Kinfolk Magazine Issue 33 (the Education Issue) is out now. We can never shake the back-to-school feeling that September brings. As predictable as the urge to hunker down in winter, then travel in the warmer months, the fall stirs up memories of sharp pencils and blank slates. Rather than dragging our heels reluctantly into the new term, the Education Issue rises to the challenge and asks: How can we keep on learning? From interviews with celebrated academics and alternative practitioners to a fashion editorial set in the most visually inspiring school in Denmark, Issue Thirty-Three of Kinfolk considers how education might be reimagined for a time when cognitive scientists are increasingly insistent that there is no expiry date on our brain’s ability to learn.
Perhaps you don’t need educating on the state of education: You’ve seen in the news that the best colleges can be bribed, or that for-profit institutions have become debt factories for those who attend. Power should not equal knowledge, but the financial burden of higher education often makes it so. Meanwhile, students who do make it to college are under pressure to approach “book learning” with a tunnel vision that steamrolls more creative ways of thinking. This issue of Kinfolk rejects the definition of a good education as one that ends with good grades.
In putting together our fall issue, we considered education as a lifelong pursuit: What can we learn about our bodies, minds, beliefs and societies, and who can teach us? In Los Angeles, we meet Erica Chidi Cohen, the co-founder of Loom—specializing in schooling its (adult) students on bodies, healthcare and better sex. For Chidi Cohen, this new pedagogy is a response to political failures. “If we can’t get people healthcare, we need to get them education,” she says.
The people we meet in Issue Thirty-Three prove just how many different paths can lead you to a meaningful career. Montreal-based producer Kaytranada found success so early that he never finished high school, whereas Belgian painter Michaël Borremans spent a decade working as a teacher prior to becoming an acclaimed figurative artist. And some people manage to sidestep the idea of a “calling” altogether: Waris Ahluwalia has funneled his bonhomie into being an actor, model, jewelry designer and activist. Elsewhere there are bubbles, puzzles and a fashion editorial that takes the form of an all-night party. As Ahluwalia reminds us: “We’re all dying. But if we can do it while we’re dancing?”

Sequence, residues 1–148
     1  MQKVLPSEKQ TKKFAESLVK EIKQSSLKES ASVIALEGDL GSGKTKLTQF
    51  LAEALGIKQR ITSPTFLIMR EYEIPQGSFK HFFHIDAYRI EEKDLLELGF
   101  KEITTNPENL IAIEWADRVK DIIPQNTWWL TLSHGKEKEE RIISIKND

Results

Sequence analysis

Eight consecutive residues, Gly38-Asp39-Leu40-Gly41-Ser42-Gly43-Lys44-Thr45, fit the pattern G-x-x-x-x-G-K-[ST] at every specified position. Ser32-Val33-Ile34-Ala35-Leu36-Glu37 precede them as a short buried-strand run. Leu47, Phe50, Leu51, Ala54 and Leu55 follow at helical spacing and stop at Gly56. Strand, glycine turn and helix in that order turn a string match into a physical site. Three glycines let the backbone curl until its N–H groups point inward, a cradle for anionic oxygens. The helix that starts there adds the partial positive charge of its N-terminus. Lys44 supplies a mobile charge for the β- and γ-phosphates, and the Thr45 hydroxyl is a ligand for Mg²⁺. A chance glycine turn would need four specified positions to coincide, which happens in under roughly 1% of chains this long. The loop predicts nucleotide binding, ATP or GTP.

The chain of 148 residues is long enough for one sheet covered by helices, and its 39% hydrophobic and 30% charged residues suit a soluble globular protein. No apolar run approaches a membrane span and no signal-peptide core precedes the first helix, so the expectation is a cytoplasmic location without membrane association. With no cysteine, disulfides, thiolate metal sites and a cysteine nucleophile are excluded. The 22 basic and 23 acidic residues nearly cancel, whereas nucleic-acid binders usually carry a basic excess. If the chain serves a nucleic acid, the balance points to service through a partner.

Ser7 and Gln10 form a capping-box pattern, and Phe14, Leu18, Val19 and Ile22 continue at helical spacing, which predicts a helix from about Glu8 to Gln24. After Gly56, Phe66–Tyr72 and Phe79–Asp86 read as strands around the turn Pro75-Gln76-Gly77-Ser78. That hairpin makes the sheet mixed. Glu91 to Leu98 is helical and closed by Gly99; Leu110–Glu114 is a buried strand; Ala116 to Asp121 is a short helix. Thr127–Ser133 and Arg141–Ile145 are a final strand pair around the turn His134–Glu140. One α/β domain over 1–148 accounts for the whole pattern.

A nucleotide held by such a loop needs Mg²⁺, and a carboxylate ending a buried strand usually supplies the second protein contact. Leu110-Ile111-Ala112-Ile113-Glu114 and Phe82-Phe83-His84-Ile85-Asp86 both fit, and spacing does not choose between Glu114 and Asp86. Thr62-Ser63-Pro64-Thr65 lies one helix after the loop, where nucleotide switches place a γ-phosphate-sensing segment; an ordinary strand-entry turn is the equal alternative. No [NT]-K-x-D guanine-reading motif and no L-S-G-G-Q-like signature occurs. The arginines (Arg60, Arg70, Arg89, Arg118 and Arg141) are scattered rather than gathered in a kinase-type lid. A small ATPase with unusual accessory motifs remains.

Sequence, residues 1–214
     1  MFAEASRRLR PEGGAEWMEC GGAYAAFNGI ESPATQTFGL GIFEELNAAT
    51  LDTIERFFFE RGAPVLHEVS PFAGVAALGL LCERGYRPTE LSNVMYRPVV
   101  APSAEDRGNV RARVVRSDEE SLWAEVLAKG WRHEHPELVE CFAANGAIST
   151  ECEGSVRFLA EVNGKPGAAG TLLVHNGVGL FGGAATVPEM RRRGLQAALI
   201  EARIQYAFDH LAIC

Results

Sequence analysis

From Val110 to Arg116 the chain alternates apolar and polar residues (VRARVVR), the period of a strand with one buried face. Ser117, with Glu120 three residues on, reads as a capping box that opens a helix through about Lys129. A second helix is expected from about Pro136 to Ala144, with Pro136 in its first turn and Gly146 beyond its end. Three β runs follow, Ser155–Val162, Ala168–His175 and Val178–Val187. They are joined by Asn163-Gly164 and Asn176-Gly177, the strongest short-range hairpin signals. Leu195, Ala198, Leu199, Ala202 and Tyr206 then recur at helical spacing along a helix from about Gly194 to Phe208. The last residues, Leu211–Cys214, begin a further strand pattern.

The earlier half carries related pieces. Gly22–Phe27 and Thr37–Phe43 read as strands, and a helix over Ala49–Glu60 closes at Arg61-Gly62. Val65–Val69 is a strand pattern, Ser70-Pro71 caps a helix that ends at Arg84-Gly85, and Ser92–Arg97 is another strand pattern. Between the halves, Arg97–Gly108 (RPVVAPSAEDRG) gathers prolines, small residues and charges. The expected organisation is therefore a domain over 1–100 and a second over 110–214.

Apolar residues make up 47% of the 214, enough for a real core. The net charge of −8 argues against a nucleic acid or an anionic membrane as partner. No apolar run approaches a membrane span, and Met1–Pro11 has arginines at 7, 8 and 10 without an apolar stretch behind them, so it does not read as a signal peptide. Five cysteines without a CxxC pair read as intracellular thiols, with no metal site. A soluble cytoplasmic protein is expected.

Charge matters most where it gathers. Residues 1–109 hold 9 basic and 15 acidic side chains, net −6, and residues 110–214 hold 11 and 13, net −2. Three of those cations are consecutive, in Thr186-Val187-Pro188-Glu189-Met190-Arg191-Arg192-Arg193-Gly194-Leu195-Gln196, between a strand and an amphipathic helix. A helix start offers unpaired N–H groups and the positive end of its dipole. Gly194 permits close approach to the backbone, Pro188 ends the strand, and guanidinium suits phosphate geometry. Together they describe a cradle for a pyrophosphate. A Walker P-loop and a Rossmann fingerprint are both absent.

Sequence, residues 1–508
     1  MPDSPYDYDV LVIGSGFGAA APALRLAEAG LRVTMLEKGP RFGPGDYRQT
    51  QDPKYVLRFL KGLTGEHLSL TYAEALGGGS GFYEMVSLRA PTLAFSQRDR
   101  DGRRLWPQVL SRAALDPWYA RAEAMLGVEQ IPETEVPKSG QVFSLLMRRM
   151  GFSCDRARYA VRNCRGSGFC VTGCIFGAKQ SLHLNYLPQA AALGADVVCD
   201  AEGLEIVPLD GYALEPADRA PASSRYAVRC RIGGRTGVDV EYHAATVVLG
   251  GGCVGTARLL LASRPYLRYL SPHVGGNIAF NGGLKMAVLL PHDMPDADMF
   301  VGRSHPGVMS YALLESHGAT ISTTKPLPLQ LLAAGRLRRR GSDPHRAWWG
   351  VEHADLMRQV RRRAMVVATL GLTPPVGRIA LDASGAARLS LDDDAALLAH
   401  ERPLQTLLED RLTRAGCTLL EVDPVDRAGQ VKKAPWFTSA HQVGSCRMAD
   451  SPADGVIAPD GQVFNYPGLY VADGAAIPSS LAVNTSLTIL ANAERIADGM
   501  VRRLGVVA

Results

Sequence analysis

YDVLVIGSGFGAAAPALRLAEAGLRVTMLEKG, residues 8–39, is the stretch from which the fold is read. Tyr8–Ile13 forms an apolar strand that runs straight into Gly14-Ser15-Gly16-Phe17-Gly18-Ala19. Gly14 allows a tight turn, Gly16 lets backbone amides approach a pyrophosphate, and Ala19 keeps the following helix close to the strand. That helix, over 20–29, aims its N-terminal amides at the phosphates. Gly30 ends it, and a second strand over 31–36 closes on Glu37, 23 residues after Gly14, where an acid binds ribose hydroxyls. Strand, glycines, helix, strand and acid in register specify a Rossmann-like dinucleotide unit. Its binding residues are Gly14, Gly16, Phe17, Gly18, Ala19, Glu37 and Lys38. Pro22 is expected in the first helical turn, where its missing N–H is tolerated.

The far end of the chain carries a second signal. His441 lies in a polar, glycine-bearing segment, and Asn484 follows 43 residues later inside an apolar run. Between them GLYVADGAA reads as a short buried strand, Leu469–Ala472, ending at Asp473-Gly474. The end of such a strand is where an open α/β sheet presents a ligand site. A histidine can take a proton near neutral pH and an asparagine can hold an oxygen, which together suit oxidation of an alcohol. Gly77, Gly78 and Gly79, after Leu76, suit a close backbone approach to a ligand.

Also in the issue, we consider what Roland Barthes might have to say about modern dating, interview Desiree Akhavan about making films now she’s no longer a Hollywood outsider, and ask whether hitting “rock bottom” is really a necessary part of starting over. Elsewhere, we break new territory with our first painted fashion shoot and a reported long read on why social media is sustaining, rather than exposing, the scourge of pyramid schemes.
Kinfolk is a slow lifestyle magazine published by Ouur that explores ways for readers to simplify their lives, cultivate community and spend more time with their friends and family. Founded in 2011, Kinfolk is now the leading independent lifestyle magazine for young creative professionals and also produces international editions in Japan, China, Korea and Russia. Published quarterly, Kinfolk maintains a vibrant contributor base from Copenhagen to Cape Town. Every element of Kinfolk—the features, photography, and general aesthetics—are consistent with the way we feel entertaining should be: simple, uncomplicated, and less contrived. Kinfolk is the marriage of our appreciation for art and design and our love for spending time with family and friends.
With a dynamic mix of long-form journalism, interviews and shorter essays, plus concept-driven visual stories and contributors across the globe, the forthcoming issue of Kinfolk Magazine continues to dedicate its editorial to exploring personal values and quality of life.
192 pages, offset-printed and perfect bound, full color on uncoated paper. Printed in Canada.